Although a majority of Okla. citizens voted for SQ 788, local jurisdiction should be able to reverse the decision.
I find myself sympathetic to those in the shadow of the 57 percent in Oklahoma who voted in favor of SQ 788, the state question that legalized medical marijuana in the state. Provided with every justification on Earth for the utility and benevolence of medical marijuana, the burly, high-strung 57-percenters urge wide-flung uniform regulation. My intense gravitation to principle, though, finds me looking to Senator Casey Murdock, who represents the Panhandle counties.
In the first session of the 2019 legislature, Sen. Murdock introduced SB 325, an amendment that would allow counties to vote on the legality of medical marijuana (including prohibiting the possession, consumption, transport, sale, cultivation or manufacture of marijuana or marijuana products, or any combination thereof as stated in the amendment) in their jurisdiction. Local reform and legislation have always been attractive to me. When the many live in strongholds far removed from the familial county legislatures, ascribing domain to the individual and the tribal institution guarantees that some form of the republic survives.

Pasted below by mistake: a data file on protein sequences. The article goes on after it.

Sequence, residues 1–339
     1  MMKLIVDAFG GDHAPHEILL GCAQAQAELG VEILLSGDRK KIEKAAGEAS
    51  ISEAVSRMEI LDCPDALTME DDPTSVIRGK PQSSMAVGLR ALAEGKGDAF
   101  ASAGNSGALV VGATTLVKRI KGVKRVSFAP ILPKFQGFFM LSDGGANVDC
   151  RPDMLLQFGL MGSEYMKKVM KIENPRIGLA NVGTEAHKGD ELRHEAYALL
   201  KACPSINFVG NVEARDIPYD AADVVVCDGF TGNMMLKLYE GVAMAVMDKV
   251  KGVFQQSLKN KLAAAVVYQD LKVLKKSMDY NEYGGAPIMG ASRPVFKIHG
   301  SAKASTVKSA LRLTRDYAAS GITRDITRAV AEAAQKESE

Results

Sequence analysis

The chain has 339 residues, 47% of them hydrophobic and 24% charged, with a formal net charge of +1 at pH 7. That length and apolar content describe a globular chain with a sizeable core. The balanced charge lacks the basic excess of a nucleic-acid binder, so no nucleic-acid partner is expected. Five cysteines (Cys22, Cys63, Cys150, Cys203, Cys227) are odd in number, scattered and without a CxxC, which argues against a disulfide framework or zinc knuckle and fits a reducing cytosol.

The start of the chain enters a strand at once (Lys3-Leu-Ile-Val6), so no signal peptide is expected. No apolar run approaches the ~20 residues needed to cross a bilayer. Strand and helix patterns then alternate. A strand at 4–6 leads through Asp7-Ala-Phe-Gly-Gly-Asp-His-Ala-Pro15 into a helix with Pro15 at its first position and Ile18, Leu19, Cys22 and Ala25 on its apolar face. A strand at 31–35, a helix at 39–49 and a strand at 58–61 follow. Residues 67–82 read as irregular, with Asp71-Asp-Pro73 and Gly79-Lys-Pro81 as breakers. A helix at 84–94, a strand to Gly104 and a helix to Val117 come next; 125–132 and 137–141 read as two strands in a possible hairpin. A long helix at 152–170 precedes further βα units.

Sen. Murdock argues to the media that his represented counties voted strongly against SQ 788, with 78 percent of voters objecting. His duty, and his probity in many ways, must be backed up by action. If his actions were curbed by the shouting of hipsters and marijuana professionals all the way in Tulsa, then he would be a piss-poor representative. It seems reasonable for the residents of individual counties to be able to decide if they want a contentious psychoactive substance available en masse in their region, no matter if this is misguided or ill-informed.
There are two concerns that arise, though, from this proposal: interstate legality and precursor farming operations. Questions of incarceration due to marijuana use in these areas seem to be highlighted by those opposed to SB 325. Additionally, farming operations fear investment loss. Murdock commented on the latter, proposing a grandfather policy for those already in the jurisdiction, as any reasonable person would.
What about marijuana arrests in dry counties? Keep out. Rip a bong at least six inches from the county line with a fan facing you from the opposite direction. It would seem prudent, though, to make accommodations of some sort that would allow for decriminalization, making marijuana possession or use simply a fine in the dry counties rather than arresting every idiot who walks into the region with some bud.
Now, all of the good God-fearing folk who live in the Panhandle who want to chief on a joint for their CTE are left out in the dirt. Unfortunately, that’s the reality of the thing. If cannabis is a serious necessity in one’s life, then one’s life must be structured around that requisite, just like any other serious matter.